Smartphones are meant to make our lives easier--or at least more connected to people we want to communicate with--so why does typing on them sometimes seem on a par with performing root canal surgery?
Let's face it: Unless your fingers are the size of toothpicks, composing even short messages on your smartphone's tiny virtual keyboard can feel a bit like playing the game Operation. And though a handful of Android phones give you the option of a slide-out QWERTY keypad, most of them present you with the challenge of pecking at itsy-bitsy on-screen keys.
Don't despair, though: There are alternatives. Here are six easy ways to input text on Android phones without driving yourself insane.
1. Use Android Voice-to-Text
Phones running Android 2.1 and higher have a built-in voice recognition system that lets you type with your voice. To use voice-to-text, tap the microphone key at the bottom-left corner of your on-screen keyboard or swipe your finger across the keyboard from right to left. Either action will bring up a 'Speak Now' box; once it appears, start talking and the system will translate your words into text.
You can use Android's voice-to-text feature to input info practically anywhere on your phone. You can also use it to search your device: Tap the microphone icon next to any search box, or long-press your phone's Search button and speak your query.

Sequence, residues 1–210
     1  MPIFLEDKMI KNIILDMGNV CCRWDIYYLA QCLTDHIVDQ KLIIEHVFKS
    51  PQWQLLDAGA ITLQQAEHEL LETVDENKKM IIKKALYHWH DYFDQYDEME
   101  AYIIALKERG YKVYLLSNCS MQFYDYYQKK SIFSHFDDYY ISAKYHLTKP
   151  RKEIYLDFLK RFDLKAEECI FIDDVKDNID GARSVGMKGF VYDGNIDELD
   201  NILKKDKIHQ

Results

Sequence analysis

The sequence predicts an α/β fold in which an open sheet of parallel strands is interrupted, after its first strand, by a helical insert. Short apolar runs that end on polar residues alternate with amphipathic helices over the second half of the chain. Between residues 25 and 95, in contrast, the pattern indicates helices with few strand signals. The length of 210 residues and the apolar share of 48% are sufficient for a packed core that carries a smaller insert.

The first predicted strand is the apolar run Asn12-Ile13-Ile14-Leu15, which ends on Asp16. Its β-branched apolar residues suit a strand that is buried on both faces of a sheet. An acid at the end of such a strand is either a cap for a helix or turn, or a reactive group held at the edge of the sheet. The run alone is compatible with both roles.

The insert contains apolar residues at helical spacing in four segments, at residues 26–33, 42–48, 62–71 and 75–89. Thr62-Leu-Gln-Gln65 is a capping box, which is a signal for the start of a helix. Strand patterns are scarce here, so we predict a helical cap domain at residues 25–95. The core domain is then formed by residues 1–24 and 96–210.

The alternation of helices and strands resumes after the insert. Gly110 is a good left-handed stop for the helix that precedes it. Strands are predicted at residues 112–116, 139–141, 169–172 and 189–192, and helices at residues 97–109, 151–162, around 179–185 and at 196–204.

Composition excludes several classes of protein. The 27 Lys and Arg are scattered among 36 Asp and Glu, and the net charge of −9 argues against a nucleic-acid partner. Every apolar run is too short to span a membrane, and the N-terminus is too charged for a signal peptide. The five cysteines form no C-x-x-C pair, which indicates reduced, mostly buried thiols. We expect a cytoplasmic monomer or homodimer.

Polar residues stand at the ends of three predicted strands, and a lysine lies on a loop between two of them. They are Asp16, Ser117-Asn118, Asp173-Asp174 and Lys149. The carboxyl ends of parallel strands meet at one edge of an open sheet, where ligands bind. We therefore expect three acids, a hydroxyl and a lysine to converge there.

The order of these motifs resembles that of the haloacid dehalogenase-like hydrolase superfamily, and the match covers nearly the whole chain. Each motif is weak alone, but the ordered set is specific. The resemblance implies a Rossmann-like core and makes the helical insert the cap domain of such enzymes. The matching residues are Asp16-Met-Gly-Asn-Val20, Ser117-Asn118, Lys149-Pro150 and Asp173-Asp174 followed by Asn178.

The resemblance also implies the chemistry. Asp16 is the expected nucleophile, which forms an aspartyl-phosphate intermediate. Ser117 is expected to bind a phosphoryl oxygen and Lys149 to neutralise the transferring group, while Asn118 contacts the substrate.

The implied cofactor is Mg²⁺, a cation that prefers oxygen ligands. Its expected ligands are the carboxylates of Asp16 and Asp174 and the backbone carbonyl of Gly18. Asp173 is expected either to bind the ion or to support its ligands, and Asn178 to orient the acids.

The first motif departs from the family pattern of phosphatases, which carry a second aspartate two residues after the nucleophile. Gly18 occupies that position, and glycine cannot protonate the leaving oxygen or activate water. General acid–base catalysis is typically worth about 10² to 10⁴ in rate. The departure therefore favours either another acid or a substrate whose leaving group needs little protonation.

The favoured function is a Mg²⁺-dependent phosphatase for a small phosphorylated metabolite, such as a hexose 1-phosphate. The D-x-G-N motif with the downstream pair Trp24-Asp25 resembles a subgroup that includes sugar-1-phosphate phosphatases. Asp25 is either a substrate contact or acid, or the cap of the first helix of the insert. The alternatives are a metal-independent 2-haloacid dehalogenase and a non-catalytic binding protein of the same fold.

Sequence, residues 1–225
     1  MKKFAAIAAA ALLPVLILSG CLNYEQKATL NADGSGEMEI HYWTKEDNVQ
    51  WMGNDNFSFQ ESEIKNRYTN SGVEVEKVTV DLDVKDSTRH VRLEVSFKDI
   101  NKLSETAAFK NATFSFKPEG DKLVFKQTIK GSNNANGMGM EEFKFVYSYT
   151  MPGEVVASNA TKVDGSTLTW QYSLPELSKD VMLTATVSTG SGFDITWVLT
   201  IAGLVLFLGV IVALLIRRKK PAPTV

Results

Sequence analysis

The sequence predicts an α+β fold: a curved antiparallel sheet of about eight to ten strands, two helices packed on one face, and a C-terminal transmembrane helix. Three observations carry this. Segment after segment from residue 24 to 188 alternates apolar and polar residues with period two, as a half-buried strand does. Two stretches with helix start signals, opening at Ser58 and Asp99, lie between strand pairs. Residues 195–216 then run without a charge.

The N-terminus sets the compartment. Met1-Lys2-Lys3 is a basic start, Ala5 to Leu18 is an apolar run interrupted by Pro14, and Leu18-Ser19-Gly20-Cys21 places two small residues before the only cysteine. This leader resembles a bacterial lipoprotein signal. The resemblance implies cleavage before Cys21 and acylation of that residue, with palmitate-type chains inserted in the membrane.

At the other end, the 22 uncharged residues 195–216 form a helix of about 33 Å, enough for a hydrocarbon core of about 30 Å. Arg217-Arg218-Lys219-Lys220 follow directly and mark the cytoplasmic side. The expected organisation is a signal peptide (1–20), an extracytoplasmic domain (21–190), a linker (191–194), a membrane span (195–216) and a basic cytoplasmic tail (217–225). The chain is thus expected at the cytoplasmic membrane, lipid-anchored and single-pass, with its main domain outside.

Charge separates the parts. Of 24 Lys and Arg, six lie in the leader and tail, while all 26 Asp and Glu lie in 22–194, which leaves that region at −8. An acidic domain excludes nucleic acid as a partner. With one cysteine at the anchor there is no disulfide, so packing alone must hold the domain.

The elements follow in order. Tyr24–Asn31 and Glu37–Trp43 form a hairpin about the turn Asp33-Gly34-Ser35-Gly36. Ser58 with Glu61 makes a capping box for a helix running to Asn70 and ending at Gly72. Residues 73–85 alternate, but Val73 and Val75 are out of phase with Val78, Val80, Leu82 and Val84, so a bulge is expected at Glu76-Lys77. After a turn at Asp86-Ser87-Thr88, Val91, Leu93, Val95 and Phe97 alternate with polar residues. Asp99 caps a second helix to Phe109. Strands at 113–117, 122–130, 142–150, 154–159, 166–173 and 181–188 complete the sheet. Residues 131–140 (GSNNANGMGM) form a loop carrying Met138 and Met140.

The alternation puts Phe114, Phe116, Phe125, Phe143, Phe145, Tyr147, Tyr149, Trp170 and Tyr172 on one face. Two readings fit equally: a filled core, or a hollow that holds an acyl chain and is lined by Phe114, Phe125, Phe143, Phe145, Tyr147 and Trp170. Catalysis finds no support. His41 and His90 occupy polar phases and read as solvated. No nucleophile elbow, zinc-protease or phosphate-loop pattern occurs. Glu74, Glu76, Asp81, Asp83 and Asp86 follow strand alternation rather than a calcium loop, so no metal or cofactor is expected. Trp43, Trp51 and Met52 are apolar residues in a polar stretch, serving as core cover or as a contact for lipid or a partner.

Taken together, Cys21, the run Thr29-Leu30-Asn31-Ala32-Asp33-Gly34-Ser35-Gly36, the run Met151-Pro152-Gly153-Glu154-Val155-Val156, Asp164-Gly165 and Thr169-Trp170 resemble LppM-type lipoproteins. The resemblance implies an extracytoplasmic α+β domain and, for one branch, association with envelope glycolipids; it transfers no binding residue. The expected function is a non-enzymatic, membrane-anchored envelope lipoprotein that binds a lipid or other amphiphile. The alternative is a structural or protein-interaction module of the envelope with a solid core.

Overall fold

Android's voice-to-text system has a handful of hidden commands that can help you get your message across. Try speaking some of these words:
- "Comma" [Inserts a comma.]
- "Period" [Inserts a period followed by a space.]
- "Point" [Inserts a period when used within appropriate context, such as "Android two point two."]
- "Exclamation point" or "exclamation mark" [Inserts an exclamation point.]
- "Question mark" [Inserts a question mark.]
- "Colon" [Inserts a colon.]
- "Smiley face" [Inserts a :-) smiley face.]
- "Sad face" [Inserts a :-( frowny face.]
- "Wink wink" [Inserts a ;-) winky face.]
Be warned:Testing these commands in public may make you look a little loony.I won't attempt to describe the looks I got when I smiled at my phone and said, "Hey colon are you ready for lunch wink wink."
2. Let Vlingo Interpret Your Voice
For a more robust voice input experience, try Vlingo, now available for free in the Android Market. Vlingo upgrades Android's default voice-to-text functionality so that you can easily control your phone in various speech-oriented ways.
For instance, with a single touch of your screen, you can directly dial any person or business, regardless of whether they're in your contacts (Vlingo automatically acts as directory assistance when needed). You can also compose and send text messages, e-mail messages, and tweets; search the Web; get directions; and open other Android applications--all by saying a few words.
To activate Vlingo, either tap a widget on your home screen or press your phone's Search button, which the program remaps to launch its voice input utility.
3. Get Active With Voice Actions
Introduced just days ago, Google's Voice Actions for Android follows in Vlingo's footsteps with a powerful form of voice control. Voice Actions, however, is available only for phones running Android 2.2.